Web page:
Shank has the makings of a great beat-em-up – most importantly it has lots of cool attacks and lots of cool weapons. There are three basic attacks: melee (your namesake shank), heavy attack (chainsaw, among other weapons), and guns (unlimited ammo). You can also throw grenades (limited quantity) and combine attacks with grapple moves or jumps. All of these moves and abilities can be linked together into seemingly endless combos, and when you get going against a bunch of enemies, much clever multi-button-mashing pleasure can be had.
Small control annoyances often sully the experience though, and in this genre, even a small misstep in the controls can become a deal breaker. For some unfathomable reason, the same button used for your main melee attack is also mapped to the item pick up action. Enemies often drop items when you defeat them, so often in the heat of battle this leads to accidentally wasting a health drink, which is especially annoying in multiplayer when you need a health drink and your partner with full health accidentally drinks one through no fault of his own.
Enemies also drop weapons you can use temporarily, like heavy machine guns, and when the area you're fighting on is littered with machine gun drops on the ground, you're forced to refrain from using your melee attack, because you'll end up picking up and dropping the gun over and over instead of attacking, which quickly leads to death. Literally any other button would have been a better choice to pair with the item pick up, like guard or even jump. Or why not map it to two buttons, like melee + down on the d-pad? Seriously, it's mind boggling. And no, you can't remap the controls.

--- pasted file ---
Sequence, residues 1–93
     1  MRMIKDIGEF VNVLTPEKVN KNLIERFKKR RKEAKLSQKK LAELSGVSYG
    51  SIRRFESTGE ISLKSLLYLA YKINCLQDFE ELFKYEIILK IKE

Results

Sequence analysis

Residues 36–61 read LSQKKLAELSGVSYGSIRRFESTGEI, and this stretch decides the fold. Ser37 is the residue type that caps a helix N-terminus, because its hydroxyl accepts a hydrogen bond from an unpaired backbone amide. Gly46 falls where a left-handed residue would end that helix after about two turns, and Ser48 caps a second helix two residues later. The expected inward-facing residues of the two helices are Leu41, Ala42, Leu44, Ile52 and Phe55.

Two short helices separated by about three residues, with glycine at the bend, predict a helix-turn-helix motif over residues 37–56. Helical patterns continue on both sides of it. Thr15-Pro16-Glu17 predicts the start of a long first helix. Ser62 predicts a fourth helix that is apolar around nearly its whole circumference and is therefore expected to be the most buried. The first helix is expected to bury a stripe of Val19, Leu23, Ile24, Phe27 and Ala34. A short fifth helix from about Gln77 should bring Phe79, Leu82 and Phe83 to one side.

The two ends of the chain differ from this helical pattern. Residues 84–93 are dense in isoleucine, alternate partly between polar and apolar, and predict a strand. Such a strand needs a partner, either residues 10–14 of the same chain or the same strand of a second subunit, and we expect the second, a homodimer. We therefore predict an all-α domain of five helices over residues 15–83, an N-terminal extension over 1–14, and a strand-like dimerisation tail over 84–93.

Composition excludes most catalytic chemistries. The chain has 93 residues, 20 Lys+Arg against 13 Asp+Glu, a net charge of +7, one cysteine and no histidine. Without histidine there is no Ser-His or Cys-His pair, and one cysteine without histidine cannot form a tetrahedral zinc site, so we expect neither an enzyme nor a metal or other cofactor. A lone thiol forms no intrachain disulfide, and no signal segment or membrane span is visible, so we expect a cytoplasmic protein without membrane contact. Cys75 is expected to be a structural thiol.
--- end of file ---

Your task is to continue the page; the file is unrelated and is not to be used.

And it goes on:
Adding to the frustration, Shank is strictly 2D, with no depth to your forward and backward movements whatsoever, yet it seems like a lot of the enemies would be much better suited to an environment with some depth (ahem, Castle Crashers!). Huge, unavoidable enemies that charge at you or spray machine gun fire seem cheap on a 2D plane, and often there seems to be no rhyme or reason to when you can sidestep them and when you can't. And on the flip side, when you have a powerful shotgun and you don't need to worry about lining up your fire with the enemy's position, you can often easily exploit your ranged weapon to take down an army of foes without even engaging them in hand-to-hand combat, which also seems cheap.
Lastly, Shank's blatant and heavy-handed attempt at an M-rating completely misses the mark – it's just embarrassingly bad. We're obviously not prudes at GamesRadar, so it's not just that the story is totally over-the-top crass with tons of gratuitous tits and ass and "hey fuckface"s every minute – it's just that it's done in such a horribly obnoxious way, with no humor or wit to make it enjoyable. If you're going to make light of rape (yes, this actually happens, complete with a "daddy likes it when you fight back" line), you better really know what you're doing on a comedic level, and the writers for Shank clearly weren't up to the task.
If you can overlook the control issues and often totally uneven difficulty (the second boss should under no circumstances be way easier than the first, in any game, ever), and turn a blind eye to the asinine plot and characters, Shank does have its moments. The art style is cool if that aesthetic appeals to you, and the single player and multiplayer campaigns offer two totally different experiences, with different levels and stories, which definitely adds value. So if you're totally itching for a brawler and have already played Castle Crashers to death, and you have a friend willing to play through co-op with you, Shank is still worth considering.
Aug 24, 2010